A total of 1,355 citations were identified from the search, of which 71 were examined for full-text. Twenty-one studies met the inclusion criteria and were included in the review as seen in the PRISMA flowchart (Fig. 1) [17]. Of the 21 studies included in this review, 14 studies were conducted with undergraduate medical students, one with undergraduate osteopathic medical students, one with graduate physician assistant students, one with undergraduate nursing students and one with graduate family nurse practitioner students. Three studies implemented an interdisciplinary approach to teaching with a combination of medical, occupational therapy, physiotherapy, nutrition, pharmacy and dental students. The majority of studies were conducted in the USA, with other studies involved across a variety of countries including Australia, Canada, Hong Kong, Indonesia, Japan, Lebanon, Malaysia, Mexico, Norway, Portugal, Taiwan and United Kingdom. The characteristics of included studies (including information on methodology, participants, interventions, outcomes and findings for each study) are detailed in Table 2.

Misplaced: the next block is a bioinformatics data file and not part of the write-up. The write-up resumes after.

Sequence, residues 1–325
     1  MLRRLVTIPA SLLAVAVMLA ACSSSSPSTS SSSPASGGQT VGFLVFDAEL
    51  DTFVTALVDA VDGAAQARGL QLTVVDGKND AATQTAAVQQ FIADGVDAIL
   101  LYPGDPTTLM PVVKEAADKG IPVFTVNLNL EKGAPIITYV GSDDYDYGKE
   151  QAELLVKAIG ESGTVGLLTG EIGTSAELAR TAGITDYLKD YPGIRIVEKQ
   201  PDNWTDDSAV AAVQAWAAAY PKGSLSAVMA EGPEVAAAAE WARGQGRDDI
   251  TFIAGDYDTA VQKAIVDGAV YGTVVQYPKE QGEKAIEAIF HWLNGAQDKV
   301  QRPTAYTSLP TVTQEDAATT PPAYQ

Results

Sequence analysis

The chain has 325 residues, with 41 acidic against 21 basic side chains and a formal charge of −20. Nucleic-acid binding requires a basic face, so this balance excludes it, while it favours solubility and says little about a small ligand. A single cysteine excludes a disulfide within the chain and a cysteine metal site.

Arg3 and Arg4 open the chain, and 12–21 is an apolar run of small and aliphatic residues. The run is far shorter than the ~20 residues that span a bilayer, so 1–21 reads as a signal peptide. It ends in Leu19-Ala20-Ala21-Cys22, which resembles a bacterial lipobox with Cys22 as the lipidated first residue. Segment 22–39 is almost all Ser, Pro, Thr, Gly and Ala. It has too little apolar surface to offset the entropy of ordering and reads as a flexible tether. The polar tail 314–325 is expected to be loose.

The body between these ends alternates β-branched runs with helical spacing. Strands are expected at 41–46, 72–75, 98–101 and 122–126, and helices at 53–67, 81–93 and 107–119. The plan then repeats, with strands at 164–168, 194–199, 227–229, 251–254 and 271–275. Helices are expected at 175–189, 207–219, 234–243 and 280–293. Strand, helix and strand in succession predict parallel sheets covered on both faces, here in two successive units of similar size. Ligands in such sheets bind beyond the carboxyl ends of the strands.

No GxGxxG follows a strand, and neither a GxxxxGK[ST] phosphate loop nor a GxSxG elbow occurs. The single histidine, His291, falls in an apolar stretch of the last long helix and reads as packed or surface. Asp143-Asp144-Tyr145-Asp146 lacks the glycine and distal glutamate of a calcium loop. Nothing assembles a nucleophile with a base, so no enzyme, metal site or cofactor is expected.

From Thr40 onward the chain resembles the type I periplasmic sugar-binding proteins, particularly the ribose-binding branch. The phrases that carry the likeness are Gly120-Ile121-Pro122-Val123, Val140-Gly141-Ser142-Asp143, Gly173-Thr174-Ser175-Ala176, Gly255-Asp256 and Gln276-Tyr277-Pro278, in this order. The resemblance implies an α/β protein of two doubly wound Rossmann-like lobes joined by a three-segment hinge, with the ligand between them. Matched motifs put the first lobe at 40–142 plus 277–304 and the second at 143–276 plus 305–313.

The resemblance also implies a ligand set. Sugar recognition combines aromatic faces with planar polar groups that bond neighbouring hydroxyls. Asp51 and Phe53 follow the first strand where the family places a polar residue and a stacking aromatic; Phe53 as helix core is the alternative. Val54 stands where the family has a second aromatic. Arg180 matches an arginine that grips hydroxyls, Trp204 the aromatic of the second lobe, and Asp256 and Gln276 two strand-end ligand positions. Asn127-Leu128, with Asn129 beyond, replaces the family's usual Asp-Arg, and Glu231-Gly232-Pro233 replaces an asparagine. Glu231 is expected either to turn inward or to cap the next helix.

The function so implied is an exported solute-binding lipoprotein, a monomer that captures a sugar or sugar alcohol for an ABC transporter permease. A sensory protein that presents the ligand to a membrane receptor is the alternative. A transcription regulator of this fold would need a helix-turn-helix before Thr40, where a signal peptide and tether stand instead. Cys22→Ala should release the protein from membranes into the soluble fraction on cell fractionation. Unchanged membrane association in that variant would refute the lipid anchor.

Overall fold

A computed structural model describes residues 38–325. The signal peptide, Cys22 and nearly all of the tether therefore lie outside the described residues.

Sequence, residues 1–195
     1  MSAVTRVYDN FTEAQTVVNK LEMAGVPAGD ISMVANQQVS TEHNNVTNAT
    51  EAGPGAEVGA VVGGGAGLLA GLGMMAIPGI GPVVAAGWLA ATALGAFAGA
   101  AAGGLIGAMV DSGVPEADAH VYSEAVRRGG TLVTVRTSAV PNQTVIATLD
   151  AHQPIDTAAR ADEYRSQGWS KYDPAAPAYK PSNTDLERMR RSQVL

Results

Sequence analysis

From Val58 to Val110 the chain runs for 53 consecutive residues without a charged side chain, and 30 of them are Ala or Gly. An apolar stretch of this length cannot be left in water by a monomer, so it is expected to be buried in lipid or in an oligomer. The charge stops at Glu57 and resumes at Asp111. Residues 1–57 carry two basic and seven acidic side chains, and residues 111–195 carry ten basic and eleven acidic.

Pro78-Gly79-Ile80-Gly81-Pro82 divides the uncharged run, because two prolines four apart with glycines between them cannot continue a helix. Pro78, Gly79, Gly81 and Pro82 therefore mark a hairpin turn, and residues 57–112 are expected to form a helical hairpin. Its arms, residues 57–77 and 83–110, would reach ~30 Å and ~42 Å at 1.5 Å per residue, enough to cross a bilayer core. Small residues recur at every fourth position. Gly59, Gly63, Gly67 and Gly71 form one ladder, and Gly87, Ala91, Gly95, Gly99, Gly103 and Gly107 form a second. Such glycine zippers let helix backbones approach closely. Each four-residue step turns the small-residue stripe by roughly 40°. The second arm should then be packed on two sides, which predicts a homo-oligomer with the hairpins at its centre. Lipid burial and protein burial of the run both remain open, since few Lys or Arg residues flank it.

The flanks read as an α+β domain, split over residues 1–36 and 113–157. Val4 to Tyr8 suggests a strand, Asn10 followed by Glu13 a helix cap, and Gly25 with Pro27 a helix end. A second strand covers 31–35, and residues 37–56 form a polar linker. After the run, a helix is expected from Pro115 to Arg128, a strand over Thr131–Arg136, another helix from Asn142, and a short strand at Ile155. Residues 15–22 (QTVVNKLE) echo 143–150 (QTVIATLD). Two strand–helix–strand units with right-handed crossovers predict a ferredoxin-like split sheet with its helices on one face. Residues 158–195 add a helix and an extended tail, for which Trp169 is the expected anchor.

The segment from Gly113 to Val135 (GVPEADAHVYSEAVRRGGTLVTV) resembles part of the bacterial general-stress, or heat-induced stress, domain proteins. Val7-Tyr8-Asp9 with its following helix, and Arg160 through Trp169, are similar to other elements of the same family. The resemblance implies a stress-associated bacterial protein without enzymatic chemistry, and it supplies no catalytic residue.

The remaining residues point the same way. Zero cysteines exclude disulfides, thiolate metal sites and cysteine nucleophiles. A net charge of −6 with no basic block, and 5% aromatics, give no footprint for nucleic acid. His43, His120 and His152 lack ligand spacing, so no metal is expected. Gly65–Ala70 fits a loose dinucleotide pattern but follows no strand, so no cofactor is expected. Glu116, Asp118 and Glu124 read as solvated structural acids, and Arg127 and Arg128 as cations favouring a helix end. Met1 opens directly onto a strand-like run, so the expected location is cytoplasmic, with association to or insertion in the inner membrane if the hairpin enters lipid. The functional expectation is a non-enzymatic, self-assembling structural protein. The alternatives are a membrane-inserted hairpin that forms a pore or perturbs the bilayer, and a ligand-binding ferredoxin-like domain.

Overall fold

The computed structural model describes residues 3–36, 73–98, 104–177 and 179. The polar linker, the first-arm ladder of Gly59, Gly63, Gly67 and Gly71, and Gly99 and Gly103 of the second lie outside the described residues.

Fig. 1
figure 1

PRISMA flowchart [17]

Table 2 Characteristics of included studies

Methodological quality

The risk of bias for each included study is illustrated in Fig. 2. Four studies had a low risk of bias [24, 26, 39, 46], ten studies [23, 29, 31, 34, 35, 37, 44, 47, 51, 53] had a high risk of bias and seven studies [41,42,43, 45, 49, 50, 52] had uncertain risk of bias as there was a lack of detail in the study methodology to genuinely judge the quality of the study. Table 3 provides further details about the evidence to support judgements about risk of bias for all included studies. Across methodological domains, studies were varied in terms of their risk of bias, with an overall judgement about the summary of evidence being ‘unclear’, in terms of the summary of evidence (Fig. 3).

Fig. 2
figure 2

Risk of bias summary. Review authors' judgements about each risk of bias item for each included study

Table 3 Risk of bias overview
Fig. 3
figure 3

Risk of bias graph. Review authors' judgements about each risk of bias item presented as percentages across all included studies

Study population and EBP interventions